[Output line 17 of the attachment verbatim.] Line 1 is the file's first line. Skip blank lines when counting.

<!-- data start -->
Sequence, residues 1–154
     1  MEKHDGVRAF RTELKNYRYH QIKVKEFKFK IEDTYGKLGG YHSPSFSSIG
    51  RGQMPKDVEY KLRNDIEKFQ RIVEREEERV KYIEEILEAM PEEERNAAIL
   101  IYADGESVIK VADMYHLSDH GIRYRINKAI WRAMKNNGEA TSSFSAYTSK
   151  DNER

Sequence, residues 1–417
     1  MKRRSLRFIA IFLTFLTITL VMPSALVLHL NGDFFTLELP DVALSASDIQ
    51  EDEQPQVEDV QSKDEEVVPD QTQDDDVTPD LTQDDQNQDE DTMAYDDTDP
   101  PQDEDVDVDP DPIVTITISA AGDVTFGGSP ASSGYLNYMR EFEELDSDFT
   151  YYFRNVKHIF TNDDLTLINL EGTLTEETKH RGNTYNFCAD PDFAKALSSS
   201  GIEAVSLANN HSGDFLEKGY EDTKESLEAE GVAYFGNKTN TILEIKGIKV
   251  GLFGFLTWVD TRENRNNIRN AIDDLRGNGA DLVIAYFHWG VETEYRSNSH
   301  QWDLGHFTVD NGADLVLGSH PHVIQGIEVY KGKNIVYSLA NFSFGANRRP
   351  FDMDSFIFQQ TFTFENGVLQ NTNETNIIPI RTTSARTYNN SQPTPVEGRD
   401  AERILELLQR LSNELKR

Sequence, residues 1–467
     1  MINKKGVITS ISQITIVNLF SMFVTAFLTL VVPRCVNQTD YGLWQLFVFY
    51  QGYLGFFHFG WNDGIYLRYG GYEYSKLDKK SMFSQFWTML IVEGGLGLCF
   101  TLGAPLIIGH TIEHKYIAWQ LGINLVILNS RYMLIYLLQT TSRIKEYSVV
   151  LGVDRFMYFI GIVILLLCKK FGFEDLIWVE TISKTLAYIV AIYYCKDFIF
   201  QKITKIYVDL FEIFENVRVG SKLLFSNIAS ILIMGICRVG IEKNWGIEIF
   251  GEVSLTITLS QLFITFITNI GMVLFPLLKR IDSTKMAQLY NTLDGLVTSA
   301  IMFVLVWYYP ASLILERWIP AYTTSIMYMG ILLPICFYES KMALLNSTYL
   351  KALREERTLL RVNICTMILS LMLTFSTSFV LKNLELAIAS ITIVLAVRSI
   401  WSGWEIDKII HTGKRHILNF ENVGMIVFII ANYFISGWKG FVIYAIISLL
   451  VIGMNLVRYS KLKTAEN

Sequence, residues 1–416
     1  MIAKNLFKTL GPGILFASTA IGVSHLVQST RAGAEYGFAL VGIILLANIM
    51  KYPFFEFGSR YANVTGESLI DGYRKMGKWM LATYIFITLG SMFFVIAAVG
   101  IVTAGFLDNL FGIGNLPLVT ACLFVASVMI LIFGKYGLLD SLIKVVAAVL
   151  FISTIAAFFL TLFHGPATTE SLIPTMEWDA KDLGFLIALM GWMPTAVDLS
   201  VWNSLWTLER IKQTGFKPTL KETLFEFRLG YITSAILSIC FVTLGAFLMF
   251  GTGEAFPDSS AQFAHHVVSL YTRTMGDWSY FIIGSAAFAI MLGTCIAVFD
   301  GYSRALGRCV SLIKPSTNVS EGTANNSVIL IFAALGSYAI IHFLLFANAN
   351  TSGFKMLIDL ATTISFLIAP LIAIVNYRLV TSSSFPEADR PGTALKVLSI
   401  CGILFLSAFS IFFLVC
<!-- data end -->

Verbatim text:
     1  MINKKGVITS ISQITIVNLF SMFVTAFLTL VVPRCVNQTD YGLWQLFVFY